A loss of connection and the disadvantages of online learning


Maida Suta

When the pandemic hit, millions of students were abruptly shifted to virtual learning. While some embraced the change, many struggled and felt left behind.

When catching up with old classmates in the fall of 2020, we were talking about distance learning. Hearing how much they enjoyed it and how it apparently gave them the flexibility to complete their work at their own pace, I felt puzzled.

I had a completely different experience.

At first I thought it was just a bad patch, but two years later I still didn’t enjoy my classes and it completely affected my performance as a student. All I’ve found in online learning is far less student engagement, extended screen time, distractions at home, and lack of study space, among many others. other things that today’s De Anza students need to navigate.

The stress of online learning has affected my mental health, making personal issues even more difficult to manage, leading to late homework and less focus on school.

The thought of school and learning always excited me until my bedroom became the classroom and my bed became the office. Online learning has completely changed my perspective on academics – and not in a positive way.

I believe that learning in a classroom where there are other students around and a teacher to answer questions throughout the course is the most effective way to learn. It may not be fascinating to sit at a desk for an hour or two straight, but it enhances our academic experience and gives us the recognition we deserve.

Being on campus often pushed me to create a routine that I could maintain. Attending classes at set times and working on assignments in the library right after helped me stay accountable as they would be due in person the next day or two.

Another aspect of being on campus that I enjoyed and enhanced my community college experience was having a sense of community. The De Anza community of teachers, students and professors has been a big part of my growth as a student and a person. I came to school a shy person and I didn’t like putting myself in difficult situations, whether it was public speaking or being in a room with people I didn’t know.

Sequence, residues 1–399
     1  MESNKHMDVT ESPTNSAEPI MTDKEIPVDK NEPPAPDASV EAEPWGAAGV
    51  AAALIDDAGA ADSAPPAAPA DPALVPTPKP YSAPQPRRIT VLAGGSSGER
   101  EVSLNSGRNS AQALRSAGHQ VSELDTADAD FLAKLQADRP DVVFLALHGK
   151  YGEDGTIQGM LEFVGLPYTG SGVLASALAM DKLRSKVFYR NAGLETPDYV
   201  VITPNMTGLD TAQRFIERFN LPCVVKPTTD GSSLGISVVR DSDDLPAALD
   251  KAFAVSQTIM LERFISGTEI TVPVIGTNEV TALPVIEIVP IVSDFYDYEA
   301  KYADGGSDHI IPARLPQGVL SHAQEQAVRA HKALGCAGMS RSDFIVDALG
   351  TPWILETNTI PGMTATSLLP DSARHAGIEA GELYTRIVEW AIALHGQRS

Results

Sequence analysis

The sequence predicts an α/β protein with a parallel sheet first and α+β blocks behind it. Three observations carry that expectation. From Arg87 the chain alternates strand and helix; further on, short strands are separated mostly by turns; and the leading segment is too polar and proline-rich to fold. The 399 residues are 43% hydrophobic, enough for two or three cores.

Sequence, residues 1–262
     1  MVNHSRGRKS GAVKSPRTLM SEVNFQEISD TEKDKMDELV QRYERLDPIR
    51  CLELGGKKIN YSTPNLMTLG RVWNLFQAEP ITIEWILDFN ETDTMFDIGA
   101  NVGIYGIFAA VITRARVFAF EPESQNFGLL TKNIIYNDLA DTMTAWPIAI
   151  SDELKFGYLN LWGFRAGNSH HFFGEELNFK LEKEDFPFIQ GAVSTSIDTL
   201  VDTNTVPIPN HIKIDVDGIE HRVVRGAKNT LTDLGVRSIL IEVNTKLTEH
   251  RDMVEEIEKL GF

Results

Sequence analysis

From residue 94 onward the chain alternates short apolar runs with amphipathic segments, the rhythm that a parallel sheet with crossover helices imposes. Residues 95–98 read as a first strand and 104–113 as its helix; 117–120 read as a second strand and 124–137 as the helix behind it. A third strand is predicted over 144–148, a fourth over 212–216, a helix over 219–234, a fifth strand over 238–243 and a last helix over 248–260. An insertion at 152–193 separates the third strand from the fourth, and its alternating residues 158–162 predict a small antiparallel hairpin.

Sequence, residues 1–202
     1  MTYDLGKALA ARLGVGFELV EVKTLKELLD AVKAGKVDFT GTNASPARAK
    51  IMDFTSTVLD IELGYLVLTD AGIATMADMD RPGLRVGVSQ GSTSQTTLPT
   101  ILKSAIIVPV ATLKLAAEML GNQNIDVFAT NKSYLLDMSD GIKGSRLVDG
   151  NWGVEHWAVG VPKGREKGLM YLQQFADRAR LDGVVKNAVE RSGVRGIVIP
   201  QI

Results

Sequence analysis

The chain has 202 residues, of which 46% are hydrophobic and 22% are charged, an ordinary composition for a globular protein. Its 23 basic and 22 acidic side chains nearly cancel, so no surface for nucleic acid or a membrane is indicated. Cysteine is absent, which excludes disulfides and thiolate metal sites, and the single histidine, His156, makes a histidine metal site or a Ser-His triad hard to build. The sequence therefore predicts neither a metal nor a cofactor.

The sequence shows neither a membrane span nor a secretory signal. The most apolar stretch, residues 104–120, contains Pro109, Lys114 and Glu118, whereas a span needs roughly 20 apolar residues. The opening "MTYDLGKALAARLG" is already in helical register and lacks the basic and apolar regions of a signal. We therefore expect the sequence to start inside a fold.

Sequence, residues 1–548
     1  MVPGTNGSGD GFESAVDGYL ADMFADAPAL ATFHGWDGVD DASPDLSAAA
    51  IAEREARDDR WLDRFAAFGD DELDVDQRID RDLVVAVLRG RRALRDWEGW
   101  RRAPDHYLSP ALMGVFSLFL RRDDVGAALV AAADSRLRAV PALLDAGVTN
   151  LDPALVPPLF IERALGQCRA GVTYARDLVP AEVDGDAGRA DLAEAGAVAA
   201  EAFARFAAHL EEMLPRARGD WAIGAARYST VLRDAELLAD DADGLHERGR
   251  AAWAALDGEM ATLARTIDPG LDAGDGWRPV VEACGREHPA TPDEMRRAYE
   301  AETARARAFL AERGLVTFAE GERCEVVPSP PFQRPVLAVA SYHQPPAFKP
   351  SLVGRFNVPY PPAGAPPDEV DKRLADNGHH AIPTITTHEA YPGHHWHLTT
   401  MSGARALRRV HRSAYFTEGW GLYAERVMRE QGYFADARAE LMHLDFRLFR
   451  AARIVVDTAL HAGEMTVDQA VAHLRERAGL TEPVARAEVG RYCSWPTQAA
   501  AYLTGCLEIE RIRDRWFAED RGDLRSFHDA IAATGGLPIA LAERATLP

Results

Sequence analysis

But being in person made me face those things, and it gave me the opportunity to have encounters that I no longer have on a Zoom meeting or an asynchronous course.

I recently had the chance to attend one of De Anza’s few in-person events. Last week, the Equity Office hosted a student-run art exhibit on the theme of “solidarity.” I was able to meet new students and, to my surprise, I didn’t feel shy or nervous talking to others like I usually would. The people were welcoming, which made me realize ‌I was craving this human interaction in an in-person setting.

Chat messages and breakout rooms could never replicate that experience. These days we meet more of our professors at fixed times online and we (barely) speak to other students only when we post on discussion boards at different times of the day.

How can that be good?

I came to understand and experience what isolation can do. This will ripple through every other aspect of a student’s life. I remember hearing about students who found it difficult to make friends on campus due to the commuter nature of the population. Now, I fear that online learning has only amplified those anxieties.

We take one course and move on to the next, never fully connecting with anything outside of our bedroom.

Unfortunately, the majority of my online courses were also only offered asynchronously, which really disappointed me as I had to learn concepts on my own. Unlike when I started college, for the classes I took synchronously, I remember how we could come together and learn as a group.

It doesn’t seem like anyone else is relating to this issue, so I’m writing this in hopes it reaches others.

Remote learning has been a challenge for me, and I hope any other student who resonates with my experience knows that they are not alone and that their difficulties are not entirely on their own. Until the college commits to offering an in-person experience, I recommend contacting professors outside of office hours and using the free consulting services. You can still succeed in your education.


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